If you were hoping for something a little bit more enlightening and core-shaking than the fashion flicks these should do the trick. None of these will be an ‘easy’ watch but you will learn quite a lot from them. It’s nice to have friends around to support you through the viewing and to chat with afterwards. These revealing docos and series might be something you want to check out:
- Clothes to Die For: This is a really hard one to watch and has sort of slid under the sustainable fashion blogger radar. While I’m a huge fan of The True Cost movie as ‘the’ doco for getting your head around the impacts of the fashion industry, this watch hits hard with the human suffering associated with unsafe manufacturing practices. The story follows the events that lead to the Rana Plaza collapse. A blow-by-blow account of the whole disaster told by those who were affected by it. A must see for those who really want to understand why human ethics is an important part of the redevelopment of the way we shop for fashion.
- The True Cost: This is ‘THE’ doco that got everyone buzzing about the need to revolutionise the way we interact with out closets. It covers most of the issues associated with the whole garment manufacturing supply chain addressing environmental and human ethics. If you haven’t seen this one watch it- you won’t find a more comprehensive overview. Again, not easy to watch, but it’s a little less emotive than Clothes to Die For.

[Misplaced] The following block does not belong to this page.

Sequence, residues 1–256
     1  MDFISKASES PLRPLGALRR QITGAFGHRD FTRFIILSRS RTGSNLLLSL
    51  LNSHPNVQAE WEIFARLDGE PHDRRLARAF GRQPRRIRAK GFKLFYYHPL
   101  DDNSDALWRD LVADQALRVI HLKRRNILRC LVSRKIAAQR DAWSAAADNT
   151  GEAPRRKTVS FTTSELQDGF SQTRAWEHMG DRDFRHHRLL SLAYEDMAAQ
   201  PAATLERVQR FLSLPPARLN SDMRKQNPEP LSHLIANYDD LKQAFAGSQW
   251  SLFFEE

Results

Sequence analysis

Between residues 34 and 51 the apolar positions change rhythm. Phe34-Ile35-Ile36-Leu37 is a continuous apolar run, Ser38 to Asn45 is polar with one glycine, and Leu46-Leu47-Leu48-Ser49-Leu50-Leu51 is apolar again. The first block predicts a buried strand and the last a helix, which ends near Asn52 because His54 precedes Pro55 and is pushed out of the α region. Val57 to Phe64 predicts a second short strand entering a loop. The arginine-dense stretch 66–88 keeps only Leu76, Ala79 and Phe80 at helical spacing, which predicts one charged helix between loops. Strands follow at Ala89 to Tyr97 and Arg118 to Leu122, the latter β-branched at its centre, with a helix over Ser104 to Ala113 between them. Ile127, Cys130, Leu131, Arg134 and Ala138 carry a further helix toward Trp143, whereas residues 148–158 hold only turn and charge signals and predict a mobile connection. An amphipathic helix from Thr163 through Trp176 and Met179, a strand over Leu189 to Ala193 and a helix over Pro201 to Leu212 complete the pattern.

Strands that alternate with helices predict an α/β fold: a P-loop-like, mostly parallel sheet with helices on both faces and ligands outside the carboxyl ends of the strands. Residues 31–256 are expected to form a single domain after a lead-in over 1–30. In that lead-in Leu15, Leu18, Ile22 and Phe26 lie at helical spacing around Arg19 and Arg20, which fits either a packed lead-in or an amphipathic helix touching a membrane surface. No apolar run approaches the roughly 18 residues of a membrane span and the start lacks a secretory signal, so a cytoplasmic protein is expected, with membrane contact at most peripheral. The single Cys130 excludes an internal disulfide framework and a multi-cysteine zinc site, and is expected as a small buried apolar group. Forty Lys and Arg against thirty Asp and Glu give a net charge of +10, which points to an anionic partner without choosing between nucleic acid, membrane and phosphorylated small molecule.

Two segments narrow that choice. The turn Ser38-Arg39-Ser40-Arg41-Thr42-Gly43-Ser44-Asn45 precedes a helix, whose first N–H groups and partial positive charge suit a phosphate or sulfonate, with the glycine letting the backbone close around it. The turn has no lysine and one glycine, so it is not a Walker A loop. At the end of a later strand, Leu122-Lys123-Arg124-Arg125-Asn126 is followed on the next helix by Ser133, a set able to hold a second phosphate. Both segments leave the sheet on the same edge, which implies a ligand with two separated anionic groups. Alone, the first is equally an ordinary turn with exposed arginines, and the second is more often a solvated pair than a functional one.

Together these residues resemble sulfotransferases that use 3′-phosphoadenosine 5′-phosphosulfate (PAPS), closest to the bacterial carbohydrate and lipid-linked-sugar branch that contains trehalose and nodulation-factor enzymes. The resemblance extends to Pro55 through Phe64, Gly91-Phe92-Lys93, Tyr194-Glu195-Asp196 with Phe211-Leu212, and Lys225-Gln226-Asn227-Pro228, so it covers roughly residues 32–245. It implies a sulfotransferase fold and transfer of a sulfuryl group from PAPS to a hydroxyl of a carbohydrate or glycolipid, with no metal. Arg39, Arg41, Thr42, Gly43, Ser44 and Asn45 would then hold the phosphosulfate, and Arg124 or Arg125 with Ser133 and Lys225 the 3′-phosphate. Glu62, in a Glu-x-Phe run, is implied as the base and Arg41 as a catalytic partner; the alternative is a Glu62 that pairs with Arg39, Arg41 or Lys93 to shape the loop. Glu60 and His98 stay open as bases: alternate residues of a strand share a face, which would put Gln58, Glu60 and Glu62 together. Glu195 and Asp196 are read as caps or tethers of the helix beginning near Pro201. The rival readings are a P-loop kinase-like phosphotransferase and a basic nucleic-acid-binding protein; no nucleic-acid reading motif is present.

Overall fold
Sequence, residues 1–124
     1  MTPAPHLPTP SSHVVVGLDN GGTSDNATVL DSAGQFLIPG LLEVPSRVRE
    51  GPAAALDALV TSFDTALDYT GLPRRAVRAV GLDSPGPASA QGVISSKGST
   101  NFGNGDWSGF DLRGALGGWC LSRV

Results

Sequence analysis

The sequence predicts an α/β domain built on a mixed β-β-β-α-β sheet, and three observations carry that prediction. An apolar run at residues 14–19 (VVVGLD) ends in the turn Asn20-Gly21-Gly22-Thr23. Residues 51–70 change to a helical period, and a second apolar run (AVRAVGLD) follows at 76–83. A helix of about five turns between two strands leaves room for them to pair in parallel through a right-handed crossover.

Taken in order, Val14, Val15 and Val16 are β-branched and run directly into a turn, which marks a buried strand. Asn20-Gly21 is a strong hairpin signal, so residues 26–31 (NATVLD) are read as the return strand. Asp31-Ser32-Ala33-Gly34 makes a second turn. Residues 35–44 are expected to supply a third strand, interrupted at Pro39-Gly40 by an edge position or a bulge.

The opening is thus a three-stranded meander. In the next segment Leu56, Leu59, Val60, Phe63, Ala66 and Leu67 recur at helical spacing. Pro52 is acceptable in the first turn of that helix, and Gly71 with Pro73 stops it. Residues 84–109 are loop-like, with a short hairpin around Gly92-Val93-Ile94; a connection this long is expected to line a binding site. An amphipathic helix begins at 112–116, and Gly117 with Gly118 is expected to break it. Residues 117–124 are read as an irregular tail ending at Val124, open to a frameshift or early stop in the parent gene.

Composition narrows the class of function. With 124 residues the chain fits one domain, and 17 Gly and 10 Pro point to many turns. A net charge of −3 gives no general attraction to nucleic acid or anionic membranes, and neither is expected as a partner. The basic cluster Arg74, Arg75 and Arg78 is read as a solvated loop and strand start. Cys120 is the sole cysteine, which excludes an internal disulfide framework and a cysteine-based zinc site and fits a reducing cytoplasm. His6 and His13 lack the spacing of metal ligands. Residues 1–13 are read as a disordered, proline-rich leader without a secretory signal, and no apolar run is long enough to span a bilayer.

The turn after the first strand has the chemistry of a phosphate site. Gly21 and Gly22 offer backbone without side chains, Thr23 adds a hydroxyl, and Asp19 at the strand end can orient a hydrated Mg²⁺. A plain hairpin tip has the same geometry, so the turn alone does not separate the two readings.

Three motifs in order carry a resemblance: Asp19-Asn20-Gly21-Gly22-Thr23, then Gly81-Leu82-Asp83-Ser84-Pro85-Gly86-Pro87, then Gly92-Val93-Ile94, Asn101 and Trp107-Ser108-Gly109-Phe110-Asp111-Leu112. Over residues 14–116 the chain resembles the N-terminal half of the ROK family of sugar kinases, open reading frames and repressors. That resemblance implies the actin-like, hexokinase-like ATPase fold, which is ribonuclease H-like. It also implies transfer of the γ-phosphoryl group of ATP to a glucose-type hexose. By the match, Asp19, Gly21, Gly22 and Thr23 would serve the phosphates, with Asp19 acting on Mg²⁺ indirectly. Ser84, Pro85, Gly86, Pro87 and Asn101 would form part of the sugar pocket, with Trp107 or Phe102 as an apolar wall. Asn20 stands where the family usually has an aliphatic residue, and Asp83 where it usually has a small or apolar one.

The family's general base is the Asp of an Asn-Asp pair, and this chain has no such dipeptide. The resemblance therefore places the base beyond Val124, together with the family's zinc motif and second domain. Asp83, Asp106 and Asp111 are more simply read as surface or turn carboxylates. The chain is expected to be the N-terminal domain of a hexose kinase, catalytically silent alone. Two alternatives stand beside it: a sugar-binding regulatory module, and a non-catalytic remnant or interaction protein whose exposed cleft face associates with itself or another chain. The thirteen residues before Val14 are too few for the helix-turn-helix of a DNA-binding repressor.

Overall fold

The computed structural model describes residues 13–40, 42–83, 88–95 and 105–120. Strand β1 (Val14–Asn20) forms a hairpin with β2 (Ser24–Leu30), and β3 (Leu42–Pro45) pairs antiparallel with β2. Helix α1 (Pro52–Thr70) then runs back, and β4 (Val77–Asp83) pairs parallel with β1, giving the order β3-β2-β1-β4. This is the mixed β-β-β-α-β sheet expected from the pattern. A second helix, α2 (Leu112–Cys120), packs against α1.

- Freetown FashPack: Sometimes the sustainability and ethics of fashion gets a little exclusive. A lot of the info we see suggests that only those in developed nations are concerned with appearance and that to be stylish is a decadence only afforded by those with no cares in the world. As a fashion lover you might have been told that you are ‘frivolous’ or that there are others things more important to worry about like war, poverty, and disease. This fun and happy series flips this notion on it’s head showing that in a country associated with civil war, poverty, blood diamond mining, and Ebola that style is fierce. That fashion can be a way to get ahead, stand out, escape the ordinary, or make sense of a world that’s not always easy.
- State of Undress– Fashion model Hailey Gates heads to some unlikely fashion destinations chasing fashion weeks across the globe. Brave, intrepid, and charming Gates takes us behind the scenes of some of the most unique fashion stories. While the series is focused on following fashion weeks, she really takes the exploration further discovering, through style and fashion, how people live in some of the most challenging cultures and situations around the world. From surfing on the Gaza strip to getting up close and personal with the plastic surgery culture of Venezuala this series will delight, surprise and educate you- stylishly!